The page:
Scammers and stalkers can now get your phone number for $20: What to do

An iPhone 7 displaying a Facebook web page.
(Image credit: Wachiwit/Shutterstock)

Look out Facebook users, because someone has created a database of your mobile numbers and is selling access to it through an automated Telegram messaging bot, according to Vice News.

The silver lining is that the data is old. The phone numbers and associated Facebook account data were legally "scraped" — downloaded in bulk from public Facebook pages — before April 2018, when Facebook made the scraping process more difficult in the wake of the Cambridge Analytica scandal

Until that month, you could use Facebook as a reverse-lookup phone book. Punching in a valid mobile number, even a random one, would often reveal an associated Facebook account, including the name and location of the mobile number's user. 

Up to 500 million numbers can be looked up

The database, to which this enterprising Telegram account is now selling access, seems to be a vast collection of phone numbers and associated Facebook accounts. You can use a number to look up a Facebook account, or a Facebook username to look up a phone number. 

There may be as many as 500 million numbers in the database, according to one source cited by Vice News, though that figure could be exaggerated. Considering that mobile numbers aren't publicly listed in many countries, this White Pages of mobile numbers might be worth a lot of money to telemarketers, scammers, snoops, stalkers and Bitcoin thieves.

If so, the seller of this data is incentivizing customers to buy in bulk. If you look up a number and a Facebook account turns out to be associated with it, or vice versa, you've got to pay one "credit" for all the information. 

A single credit sells for $20 U.S., but there are steep discounts to pre-purchase credits in blocks, up to 10,000 credits for $5,000 U.S., or 50 cents each.

Vice News sprang for a couple of tests and found that the database "contained the real phone number of a Facebook user who tries to keep this number private."

What can you do about revealed mobile numbers?

So what can you do about this? Not a lot, we're afraid. 

If you have real enemies or stalkers who might use this lookup service to track you down and do you harm, you could change your mobile number if it hasn't been changed in the past two or three years.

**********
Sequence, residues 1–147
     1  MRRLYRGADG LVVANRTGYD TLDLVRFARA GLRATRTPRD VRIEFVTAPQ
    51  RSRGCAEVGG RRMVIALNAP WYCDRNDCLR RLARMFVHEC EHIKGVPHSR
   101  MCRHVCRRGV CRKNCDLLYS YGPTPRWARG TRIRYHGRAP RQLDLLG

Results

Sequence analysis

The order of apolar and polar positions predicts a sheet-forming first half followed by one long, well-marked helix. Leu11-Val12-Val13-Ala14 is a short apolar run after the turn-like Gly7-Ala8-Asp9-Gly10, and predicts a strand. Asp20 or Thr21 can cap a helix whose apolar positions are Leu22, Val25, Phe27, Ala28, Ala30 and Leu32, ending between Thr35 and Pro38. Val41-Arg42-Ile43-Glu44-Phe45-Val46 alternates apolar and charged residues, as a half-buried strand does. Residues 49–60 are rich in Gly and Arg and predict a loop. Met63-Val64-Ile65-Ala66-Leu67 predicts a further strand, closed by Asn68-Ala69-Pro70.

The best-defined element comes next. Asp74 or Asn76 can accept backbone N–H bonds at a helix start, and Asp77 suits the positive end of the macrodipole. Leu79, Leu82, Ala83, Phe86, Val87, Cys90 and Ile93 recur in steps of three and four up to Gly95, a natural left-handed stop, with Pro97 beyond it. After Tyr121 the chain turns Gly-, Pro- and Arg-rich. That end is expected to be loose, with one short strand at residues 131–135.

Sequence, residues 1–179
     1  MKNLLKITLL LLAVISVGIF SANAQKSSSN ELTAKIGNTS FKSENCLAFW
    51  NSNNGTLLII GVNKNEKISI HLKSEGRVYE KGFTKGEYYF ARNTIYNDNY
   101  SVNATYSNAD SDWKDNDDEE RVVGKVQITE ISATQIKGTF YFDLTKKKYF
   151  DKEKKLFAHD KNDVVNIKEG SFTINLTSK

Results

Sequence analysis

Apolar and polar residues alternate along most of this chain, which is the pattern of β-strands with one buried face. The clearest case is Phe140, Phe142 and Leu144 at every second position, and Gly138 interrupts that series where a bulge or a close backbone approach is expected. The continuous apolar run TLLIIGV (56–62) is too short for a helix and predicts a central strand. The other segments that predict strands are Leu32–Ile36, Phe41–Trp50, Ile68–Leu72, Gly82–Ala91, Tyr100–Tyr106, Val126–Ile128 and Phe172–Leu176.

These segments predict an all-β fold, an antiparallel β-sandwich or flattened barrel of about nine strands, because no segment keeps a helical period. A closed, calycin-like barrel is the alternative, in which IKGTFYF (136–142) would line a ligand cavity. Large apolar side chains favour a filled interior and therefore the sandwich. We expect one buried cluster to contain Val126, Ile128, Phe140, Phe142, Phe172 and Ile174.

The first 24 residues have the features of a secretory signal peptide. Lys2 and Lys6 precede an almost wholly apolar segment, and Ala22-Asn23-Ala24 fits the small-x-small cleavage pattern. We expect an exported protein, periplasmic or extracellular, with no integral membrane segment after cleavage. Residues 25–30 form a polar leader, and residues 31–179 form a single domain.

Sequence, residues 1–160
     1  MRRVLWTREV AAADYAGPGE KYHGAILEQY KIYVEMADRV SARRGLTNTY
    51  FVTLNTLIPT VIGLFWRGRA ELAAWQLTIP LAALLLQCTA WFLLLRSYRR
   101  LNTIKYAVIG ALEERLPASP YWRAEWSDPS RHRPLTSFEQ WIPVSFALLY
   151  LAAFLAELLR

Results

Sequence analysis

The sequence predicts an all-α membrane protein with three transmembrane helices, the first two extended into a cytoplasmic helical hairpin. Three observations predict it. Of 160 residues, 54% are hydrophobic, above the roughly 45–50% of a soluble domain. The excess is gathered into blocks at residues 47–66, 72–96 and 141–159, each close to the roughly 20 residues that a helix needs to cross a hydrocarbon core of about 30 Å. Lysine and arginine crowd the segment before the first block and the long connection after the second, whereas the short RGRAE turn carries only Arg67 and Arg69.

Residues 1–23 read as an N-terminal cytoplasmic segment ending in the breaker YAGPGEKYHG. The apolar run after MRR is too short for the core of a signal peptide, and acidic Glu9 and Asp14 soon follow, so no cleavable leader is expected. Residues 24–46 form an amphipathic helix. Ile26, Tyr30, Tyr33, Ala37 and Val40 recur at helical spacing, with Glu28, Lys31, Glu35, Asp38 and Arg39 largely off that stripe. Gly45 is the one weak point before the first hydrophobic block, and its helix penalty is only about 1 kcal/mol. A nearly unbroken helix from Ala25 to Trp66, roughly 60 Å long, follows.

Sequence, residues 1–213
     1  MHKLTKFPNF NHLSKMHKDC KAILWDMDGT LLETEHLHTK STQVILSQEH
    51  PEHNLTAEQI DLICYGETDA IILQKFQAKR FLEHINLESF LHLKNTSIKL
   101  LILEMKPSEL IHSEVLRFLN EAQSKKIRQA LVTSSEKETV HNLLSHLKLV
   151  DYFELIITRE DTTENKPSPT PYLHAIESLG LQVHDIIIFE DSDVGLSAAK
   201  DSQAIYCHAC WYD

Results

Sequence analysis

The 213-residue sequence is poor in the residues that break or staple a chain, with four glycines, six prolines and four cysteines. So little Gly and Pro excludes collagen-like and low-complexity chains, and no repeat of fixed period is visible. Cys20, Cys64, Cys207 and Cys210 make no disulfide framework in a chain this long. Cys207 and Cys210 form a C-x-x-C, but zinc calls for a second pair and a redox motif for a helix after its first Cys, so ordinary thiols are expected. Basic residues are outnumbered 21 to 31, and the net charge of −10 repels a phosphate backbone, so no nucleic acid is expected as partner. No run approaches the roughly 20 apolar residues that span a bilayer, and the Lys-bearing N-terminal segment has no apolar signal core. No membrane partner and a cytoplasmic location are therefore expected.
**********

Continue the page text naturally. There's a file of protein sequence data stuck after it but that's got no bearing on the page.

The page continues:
Ditto if you own a lot of Bitcoin and are at grave risk of having your phone number, and all that digital currency, stolen outright by a number-porting scam and the resulting failure of two-factor authentication (2FA).

But for most people, changing their mobile numbers won't be worth it. The data has been out there for years. It's likely been exposed in several previous Facebook data dumps, including in September 2019, December 2019 and, most recently, April 2020.

Facebook asks everyone who installs Facebook on a smartphone to input their mobile number. It also encourages those who don't use its mobile apps to sign up for 2FA, in which a special code is texted to a mobile number, which of course Facebook then needs to have. 

You should go into your Facebook account's privacy settings to make sure that your phone number is set to "Friends", or even better, "Only Me." (You should also set your birthday to "Only Me" in Settings --> Your Facebook Information --> Access Your Information --> Profile Information --> About --> Contact and Basic Info.)

To take an even more drastic step, you can take the steps here to remove your phone number from Facebook entirely. It's too late to prevent your number from being part of the existing collections of Facebook-linked numbers, but at least you'll know it won't happen again.

Paul Wagenseil

Paul Wagenseil is a senior editor at Tom's Guide focused on security and privacy. He has also been a dishwasher, fry cook, long-haul driver, code monkey and video editor. He's been rooting around in the information-security space for more than 15 years at, SecurityNewsDaily, TechNewsDaily and Tom's Guide, has presented talks at the ShmooCon, DerbyCon and BSides Las Vegas hacker conferences, shown up in random TV news spots and even moderated a panel discussion at the CEDIA home-technology conference. You can follow his rants on Twitter at @snd_wagenseil.